St. Martin’s Chapel stands above an old mountain pass that may have even existed in the La Tène period (5th–1st centuries B.C.). If that was the case, the chapel represents a link between Celtic and early Christian culture in this region. Archaeological excavations in 1958 showed that, on the site of the present chapel, there was a religious building as early as the time around 800 A.D. perhaps a heathen spring shrine. The same investigations uncovered a basin that, if this was in fact a religious building, could have been a font.
From the exposed foundations, the appearance of this first building was able to be reconstructed. It consisted of a sacred space, 4.20 by 4.20 metres in area, and an attached baptismal room with two windows. According to the report of the 1958 restoration, this layout is similar to that of St. Wendelin’s Chapel (600 A.D.) in Cazis in the Swiss canton of Graubünden.
In historical documents, the elevation of a forest chapel to the status of a church by the abbey of St. Margaret is recorded in 915, but it is not clear if that refers to this earliest building. It could also refer to a chapel, recorded in a papal bull of 1178 by Pope Alexander III, that was erected on a high mountain by the municipality of Furtwangen.
In the Middle Ages a new chapel was built using the old foundations and possibly parts of the outer walls. This probably dates to the Late Gothic period. After the chapel had been partially destroyed during the Thirty Years' War, a new roof and a new ceiling were built. The centre part of this has survived and bears the date 1672.
In the chapel there are other dates, some of which, thanks to the restoration work (Haas 1997) have been able to be correctly attributed: the retable dates to the year 1705, and the date of 1905 above the door lintel indicates the restoration measures of that time. The date of 1460 that was painted on the retable until the 1995-97 restoration was classified as incorrect.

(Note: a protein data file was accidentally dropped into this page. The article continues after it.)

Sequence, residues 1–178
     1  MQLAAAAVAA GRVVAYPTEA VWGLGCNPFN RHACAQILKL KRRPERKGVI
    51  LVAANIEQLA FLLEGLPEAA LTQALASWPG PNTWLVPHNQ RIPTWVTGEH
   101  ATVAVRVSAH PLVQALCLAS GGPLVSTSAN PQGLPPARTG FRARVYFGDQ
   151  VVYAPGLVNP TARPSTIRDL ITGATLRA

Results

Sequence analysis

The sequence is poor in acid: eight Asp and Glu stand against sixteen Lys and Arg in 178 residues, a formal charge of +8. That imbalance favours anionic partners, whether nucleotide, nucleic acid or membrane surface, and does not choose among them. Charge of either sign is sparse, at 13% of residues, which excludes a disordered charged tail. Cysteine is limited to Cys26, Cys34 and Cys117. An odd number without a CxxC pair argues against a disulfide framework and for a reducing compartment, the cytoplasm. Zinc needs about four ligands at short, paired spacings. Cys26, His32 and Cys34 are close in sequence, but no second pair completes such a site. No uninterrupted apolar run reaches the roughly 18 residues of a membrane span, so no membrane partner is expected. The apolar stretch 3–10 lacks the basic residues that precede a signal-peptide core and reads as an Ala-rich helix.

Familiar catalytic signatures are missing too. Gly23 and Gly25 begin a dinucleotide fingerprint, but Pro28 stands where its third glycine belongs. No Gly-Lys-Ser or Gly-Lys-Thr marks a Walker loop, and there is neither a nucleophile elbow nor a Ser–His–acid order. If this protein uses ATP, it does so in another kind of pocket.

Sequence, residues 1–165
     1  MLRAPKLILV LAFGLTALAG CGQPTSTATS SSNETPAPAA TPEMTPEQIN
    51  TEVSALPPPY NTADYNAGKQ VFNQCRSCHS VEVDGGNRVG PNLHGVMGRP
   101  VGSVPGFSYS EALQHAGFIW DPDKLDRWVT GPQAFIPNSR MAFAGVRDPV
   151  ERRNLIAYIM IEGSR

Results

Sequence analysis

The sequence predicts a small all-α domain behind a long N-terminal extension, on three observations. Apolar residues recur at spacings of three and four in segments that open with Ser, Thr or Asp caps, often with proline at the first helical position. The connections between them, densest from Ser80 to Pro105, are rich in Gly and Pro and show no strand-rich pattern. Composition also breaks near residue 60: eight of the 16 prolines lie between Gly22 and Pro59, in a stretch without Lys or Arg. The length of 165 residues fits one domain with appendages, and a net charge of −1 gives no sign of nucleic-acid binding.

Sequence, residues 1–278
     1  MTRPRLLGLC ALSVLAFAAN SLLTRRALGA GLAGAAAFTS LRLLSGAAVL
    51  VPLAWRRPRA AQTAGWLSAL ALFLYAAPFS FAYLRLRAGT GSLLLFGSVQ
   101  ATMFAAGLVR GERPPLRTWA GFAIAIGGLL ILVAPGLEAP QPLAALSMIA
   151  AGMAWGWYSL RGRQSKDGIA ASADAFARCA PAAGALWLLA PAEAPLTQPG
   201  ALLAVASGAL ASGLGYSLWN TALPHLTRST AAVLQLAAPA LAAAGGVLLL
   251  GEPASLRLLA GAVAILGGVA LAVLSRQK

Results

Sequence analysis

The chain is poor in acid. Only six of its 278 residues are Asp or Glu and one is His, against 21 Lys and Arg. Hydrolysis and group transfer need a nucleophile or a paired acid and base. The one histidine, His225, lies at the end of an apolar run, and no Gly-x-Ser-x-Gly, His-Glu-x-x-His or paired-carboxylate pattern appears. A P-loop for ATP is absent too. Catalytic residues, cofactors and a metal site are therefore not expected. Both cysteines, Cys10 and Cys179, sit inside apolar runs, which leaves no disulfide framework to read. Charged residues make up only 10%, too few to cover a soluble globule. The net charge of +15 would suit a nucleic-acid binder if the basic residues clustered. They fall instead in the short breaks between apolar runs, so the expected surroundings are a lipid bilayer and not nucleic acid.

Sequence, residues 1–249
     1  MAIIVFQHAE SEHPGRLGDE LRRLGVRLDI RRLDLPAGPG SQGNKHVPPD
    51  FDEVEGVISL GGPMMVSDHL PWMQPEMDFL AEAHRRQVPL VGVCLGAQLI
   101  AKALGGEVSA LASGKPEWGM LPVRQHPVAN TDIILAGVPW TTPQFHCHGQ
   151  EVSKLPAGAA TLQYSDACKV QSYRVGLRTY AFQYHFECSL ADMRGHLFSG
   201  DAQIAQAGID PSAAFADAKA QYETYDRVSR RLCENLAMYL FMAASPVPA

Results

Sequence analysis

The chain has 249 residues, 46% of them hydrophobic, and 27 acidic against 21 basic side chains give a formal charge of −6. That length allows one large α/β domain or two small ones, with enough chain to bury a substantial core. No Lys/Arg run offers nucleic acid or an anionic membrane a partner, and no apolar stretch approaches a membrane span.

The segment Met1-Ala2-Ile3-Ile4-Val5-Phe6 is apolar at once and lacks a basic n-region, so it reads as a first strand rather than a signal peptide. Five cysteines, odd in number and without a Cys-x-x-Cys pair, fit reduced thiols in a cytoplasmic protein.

Since the beginning of the 19th century, the chapel has been owned by the Kolmen farm. However, in 1848 it was converted into a utility building: extensions and alterations were made so that it had a stable, hayloft, shed, toilet and celler. Even the tower was replaced by a chimney.
The appearance of the present chapel dates back to an account that, in 1900, the Kolmenhof farmer made a vow that he would honour God and reinstate the former chapel as a place of worship if God would free him and his family from economic hardship. He appears to have been heard because, in 1905-06, the chapel was largely returned to its original state, a turret being replaced in its original position. In 1906 the chapel was rededicated.References:
Built around AD 90 to entertain the legionaries stationed at the fort of Caerleon (Isca), the impressive amphitheatre was the Roman equivalent of today’s multiplex cinema. Wooden benches provided seating for up to 6,000 spectators, who would gather to watch bloodthirsty displays featuring gladiatorial combat and exotic wild animals.
Long after the Romans left, the amphitheatre took on a new life in Arthurian legend. Geoffrey of Monmouth, the somewhat imaginative 12th-century scholar, wrote in his History of the Kings of Britain that Arthur was crowned in Caerleon and that the ruined amphitheatre was actually the remains of King Arthur’s Round Table.
Today it is the most complete Roman amphitheatre in Britain.